Facilitating Global Historical Research on the Semantic Web: MEDEA (Modeling Semantically Enhanced Digital Edition of Accounts)

AHA Session 56
Friday, January 5, 2018: 8:30 AM-10:00 AM
Palladian Ballroom (Omni Shoreham, West Lobby)
Clifford Anderson, Vanderbilt University
Sources for Reconstructing the Economic System of Medieval Poland and their Editions
Marek Słoń, Institute for the History of Science, Polish Academy of Sciences
Markup for Ancient Japanese Transactions through Engi-Shiki
Kiyonori Nagasaki, International Institute for Digital Humanities; Naoki Kokaze, University of Tokyo; Makoto Goto, National Museum of Japanese History
MEDEA Bookkeeping Ontology for Interoperability of Scholarly Editions of Accounts
Georg Vogeler, Center for Information Modeling, Graz University
Kathryn Tomasek, Wheaton College, Massachusetts

Session Abstract

Creating digital scholarly editions of accounts and including references to a shared ontology in the markup can enable comparison of these historical sources using the affordances of the Semantic Web. Tomasek and Vogeler have been working separately for several years, exploring ways to use the Guidelines of the Text Encoding Initiative as a first step in developing models for interoperable digital scholarly editions of accounts. “Transactionography,” an XML serialization of information found in accounts that Tomasek and her co-author Bauman proposed in 2013 is the model that grounds the markup for transactions from ancient Japan discussed by Kokaze, Goto, and Nagasaki in their presentation. Orlowska describes factors in choosing a model for producing editions of a large number of documents from widely dispersed archives that will contribute not only to a current project focus on reconstructing networks of annual fairs in late medieval and early modern Poland but also to future projects. And Vogeler demonstrates the value of recommendations for using a common bookkeeping ontology to facilitate interoperability of digital scholarly editions of accounts through the technologies of the semantic web.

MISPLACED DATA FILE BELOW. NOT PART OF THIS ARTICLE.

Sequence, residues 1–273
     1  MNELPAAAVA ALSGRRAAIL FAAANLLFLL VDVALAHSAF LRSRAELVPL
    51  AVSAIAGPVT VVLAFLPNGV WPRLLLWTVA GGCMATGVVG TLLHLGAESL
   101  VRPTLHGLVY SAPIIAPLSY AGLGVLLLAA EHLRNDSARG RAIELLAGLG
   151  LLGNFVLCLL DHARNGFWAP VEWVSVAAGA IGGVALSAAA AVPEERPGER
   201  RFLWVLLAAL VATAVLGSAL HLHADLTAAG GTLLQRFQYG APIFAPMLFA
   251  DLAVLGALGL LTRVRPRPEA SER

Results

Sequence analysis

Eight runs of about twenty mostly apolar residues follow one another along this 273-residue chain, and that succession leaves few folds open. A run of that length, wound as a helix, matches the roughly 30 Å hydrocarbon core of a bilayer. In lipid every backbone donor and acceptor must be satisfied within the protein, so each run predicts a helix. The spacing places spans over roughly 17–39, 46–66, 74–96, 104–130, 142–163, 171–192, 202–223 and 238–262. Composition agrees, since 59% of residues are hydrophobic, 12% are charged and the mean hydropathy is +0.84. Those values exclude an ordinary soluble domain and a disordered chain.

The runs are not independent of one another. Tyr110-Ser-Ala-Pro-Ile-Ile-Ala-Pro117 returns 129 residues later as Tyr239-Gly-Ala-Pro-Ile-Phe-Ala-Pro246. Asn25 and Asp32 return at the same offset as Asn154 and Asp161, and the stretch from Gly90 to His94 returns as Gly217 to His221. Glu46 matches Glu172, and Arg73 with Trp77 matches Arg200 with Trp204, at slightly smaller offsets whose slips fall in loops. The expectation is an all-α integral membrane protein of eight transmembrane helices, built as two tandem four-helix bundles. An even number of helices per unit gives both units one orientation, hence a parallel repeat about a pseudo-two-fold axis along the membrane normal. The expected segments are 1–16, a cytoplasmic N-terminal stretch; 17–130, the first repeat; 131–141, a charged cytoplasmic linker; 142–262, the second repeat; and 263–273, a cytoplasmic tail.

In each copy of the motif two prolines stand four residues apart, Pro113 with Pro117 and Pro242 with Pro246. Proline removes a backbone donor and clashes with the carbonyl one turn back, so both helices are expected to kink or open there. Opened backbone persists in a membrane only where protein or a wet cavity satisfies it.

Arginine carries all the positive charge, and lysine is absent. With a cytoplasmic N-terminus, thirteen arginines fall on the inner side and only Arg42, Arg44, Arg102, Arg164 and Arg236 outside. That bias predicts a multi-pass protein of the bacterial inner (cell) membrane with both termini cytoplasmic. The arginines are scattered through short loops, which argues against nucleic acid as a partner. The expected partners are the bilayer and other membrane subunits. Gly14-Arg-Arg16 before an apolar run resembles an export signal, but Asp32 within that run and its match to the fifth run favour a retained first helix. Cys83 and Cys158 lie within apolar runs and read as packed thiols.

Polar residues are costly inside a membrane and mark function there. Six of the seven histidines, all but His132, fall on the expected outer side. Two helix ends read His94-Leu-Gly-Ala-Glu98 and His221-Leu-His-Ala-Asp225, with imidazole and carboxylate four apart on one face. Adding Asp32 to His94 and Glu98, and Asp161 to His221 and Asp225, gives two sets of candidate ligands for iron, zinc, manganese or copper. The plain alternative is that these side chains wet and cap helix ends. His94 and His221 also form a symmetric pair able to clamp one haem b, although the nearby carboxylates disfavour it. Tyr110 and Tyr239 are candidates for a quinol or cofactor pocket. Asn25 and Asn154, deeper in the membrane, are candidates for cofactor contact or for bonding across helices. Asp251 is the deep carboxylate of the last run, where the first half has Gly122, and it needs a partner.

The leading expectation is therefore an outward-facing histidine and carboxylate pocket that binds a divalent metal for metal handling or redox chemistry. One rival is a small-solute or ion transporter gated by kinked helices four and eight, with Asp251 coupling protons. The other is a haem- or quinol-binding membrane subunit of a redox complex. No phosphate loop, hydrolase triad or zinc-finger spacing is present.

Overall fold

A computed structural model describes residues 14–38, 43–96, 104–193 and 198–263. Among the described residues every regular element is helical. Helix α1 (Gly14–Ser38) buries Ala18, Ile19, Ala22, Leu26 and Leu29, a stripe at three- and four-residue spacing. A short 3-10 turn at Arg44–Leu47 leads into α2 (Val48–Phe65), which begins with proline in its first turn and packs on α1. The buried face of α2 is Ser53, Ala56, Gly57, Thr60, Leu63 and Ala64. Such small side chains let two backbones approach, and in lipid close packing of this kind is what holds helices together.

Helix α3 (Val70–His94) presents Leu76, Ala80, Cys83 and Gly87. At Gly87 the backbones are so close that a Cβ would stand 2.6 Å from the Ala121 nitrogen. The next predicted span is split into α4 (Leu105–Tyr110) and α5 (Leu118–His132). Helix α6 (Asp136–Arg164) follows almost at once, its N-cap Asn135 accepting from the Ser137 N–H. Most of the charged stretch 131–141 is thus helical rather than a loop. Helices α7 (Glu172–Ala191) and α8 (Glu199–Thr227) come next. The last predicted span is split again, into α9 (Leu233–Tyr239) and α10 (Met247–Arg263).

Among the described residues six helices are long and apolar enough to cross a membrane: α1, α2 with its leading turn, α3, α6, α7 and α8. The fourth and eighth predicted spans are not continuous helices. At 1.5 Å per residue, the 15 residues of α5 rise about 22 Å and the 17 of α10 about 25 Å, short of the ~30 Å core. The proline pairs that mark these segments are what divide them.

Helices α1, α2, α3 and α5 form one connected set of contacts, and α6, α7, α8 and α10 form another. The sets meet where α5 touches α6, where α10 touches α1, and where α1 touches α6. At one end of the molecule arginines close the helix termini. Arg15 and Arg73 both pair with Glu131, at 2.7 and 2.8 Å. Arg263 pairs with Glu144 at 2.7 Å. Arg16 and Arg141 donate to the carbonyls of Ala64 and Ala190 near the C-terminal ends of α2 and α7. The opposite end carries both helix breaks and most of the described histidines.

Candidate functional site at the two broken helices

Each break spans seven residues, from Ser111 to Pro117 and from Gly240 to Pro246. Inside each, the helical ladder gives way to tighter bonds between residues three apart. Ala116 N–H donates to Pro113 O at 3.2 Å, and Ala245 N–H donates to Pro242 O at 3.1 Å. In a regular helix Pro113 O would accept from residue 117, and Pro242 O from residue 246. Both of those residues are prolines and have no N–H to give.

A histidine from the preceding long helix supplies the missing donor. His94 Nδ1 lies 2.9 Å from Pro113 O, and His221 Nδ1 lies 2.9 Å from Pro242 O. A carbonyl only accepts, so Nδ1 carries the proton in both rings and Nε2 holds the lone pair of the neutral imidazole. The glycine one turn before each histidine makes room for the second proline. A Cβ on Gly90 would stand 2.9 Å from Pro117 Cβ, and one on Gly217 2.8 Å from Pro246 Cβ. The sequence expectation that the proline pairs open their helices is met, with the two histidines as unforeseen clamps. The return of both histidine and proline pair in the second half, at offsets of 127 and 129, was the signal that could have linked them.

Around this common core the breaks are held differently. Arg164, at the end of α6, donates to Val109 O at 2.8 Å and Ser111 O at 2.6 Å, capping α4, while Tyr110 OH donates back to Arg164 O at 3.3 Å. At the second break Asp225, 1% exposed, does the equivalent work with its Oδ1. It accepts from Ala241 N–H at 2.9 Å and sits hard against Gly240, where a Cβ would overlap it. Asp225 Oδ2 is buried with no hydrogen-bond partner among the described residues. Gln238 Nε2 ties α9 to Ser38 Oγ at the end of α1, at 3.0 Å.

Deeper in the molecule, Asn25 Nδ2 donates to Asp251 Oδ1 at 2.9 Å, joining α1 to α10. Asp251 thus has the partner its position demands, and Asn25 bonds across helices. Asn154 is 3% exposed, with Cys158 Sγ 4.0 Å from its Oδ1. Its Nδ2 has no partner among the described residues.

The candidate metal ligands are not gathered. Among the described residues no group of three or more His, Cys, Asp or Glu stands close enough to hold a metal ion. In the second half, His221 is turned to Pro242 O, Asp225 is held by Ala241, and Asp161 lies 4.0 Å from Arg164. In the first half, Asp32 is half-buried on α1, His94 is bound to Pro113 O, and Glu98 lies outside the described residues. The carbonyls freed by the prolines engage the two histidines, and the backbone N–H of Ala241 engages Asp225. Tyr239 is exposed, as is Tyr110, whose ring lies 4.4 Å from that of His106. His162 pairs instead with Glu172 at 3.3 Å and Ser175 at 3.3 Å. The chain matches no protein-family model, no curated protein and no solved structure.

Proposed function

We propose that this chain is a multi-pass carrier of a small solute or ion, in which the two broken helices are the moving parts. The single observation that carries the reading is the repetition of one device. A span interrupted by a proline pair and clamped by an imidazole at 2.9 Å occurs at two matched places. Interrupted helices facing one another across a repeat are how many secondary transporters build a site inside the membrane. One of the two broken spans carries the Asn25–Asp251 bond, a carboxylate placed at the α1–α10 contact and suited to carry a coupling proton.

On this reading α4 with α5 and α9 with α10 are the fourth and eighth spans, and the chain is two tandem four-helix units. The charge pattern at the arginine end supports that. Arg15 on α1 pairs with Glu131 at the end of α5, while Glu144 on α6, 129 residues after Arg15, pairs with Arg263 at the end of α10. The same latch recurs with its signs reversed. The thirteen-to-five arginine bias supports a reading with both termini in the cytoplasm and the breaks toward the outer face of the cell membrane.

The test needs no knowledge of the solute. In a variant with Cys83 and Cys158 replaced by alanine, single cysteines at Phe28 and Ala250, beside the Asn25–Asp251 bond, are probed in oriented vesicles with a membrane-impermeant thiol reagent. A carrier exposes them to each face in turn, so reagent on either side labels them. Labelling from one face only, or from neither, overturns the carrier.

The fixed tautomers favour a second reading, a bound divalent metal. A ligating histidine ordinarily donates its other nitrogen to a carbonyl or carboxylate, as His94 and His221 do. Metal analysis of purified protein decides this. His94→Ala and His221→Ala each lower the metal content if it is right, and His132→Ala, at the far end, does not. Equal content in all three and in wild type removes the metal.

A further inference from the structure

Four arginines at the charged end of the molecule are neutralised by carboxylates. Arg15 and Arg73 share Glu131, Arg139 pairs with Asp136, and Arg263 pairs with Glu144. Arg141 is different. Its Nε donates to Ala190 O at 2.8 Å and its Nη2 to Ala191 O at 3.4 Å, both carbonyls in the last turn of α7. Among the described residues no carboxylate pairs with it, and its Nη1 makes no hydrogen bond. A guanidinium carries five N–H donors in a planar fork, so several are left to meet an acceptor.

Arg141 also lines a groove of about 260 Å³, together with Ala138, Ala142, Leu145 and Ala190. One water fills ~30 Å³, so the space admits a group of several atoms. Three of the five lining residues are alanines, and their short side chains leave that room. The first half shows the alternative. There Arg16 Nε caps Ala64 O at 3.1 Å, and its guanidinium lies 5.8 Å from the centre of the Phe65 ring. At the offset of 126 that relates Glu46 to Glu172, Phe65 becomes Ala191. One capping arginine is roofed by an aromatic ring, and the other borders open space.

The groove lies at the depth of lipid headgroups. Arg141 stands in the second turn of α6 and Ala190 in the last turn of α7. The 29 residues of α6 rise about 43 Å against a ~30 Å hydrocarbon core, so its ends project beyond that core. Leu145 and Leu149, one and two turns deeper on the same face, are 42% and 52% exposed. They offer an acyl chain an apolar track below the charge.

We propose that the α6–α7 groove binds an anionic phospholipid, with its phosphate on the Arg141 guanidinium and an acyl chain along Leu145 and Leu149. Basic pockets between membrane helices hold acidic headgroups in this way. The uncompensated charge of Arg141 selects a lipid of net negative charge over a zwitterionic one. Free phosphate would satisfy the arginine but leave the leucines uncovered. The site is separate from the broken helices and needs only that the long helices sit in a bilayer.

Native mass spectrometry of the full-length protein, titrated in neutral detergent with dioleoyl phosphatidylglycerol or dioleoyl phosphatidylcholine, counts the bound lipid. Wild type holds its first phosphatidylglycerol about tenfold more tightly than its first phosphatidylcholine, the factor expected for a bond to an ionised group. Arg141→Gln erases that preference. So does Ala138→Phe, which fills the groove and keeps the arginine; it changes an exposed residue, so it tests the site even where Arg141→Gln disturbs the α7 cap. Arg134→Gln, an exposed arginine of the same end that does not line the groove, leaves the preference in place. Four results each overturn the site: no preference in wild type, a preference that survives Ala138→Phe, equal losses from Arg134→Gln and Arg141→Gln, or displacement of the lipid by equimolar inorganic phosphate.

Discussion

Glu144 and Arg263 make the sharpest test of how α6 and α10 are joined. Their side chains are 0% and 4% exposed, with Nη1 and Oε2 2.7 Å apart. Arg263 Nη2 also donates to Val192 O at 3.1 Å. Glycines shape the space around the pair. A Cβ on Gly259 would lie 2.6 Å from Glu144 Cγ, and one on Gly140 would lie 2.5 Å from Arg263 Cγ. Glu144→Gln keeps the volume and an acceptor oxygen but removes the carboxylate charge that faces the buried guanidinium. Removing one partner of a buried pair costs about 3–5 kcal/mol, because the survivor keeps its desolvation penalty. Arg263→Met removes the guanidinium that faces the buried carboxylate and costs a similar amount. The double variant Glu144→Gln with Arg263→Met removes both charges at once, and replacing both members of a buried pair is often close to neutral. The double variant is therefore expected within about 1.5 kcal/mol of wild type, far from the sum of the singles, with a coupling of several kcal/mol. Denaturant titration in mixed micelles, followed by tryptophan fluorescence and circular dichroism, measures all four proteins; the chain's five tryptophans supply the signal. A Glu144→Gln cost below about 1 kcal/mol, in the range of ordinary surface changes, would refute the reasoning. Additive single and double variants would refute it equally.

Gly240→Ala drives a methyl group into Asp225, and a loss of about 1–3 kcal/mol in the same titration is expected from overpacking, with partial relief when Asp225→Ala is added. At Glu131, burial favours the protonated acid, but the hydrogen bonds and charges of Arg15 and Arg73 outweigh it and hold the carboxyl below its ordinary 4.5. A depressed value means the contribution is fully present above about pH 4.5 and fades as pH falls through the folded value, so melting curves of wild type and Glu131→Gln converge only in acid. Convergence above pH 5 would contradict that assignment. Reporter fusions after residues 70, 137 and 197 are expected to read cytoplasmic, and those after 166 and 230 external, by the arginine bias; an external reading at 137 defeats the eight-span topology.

Presenters on this panel participated in MEDEA activities funded through a Bilateral Digital Humanities award from the National Endowment for the Humanities and the German Research Foundation in 2015-2016. This project was supported jointly by the National Endowment for the Humanities and the Deutsche Forschungsgemeinschaft. The Deutsche Forschungsgemeinschaft (German Research Foundation) is the central, self governing research funding organization that promotes research at universities and other publicly financed research institutions in Germany. The DFG serves all branches of science and the humanities by funding research projects and facilitating cooperation among researchers. The National Endowment for the Humanities is an independent grant-making agency of the United States government dedicated to supporting research, education, preservation, and public programs in the humanities. Any views, findings, conclusions, or recommendations expressed in these presentations do not necessarily reflect those of the National Endowment for the Humanities or the Deutsche Forschungsgemeinschaft.

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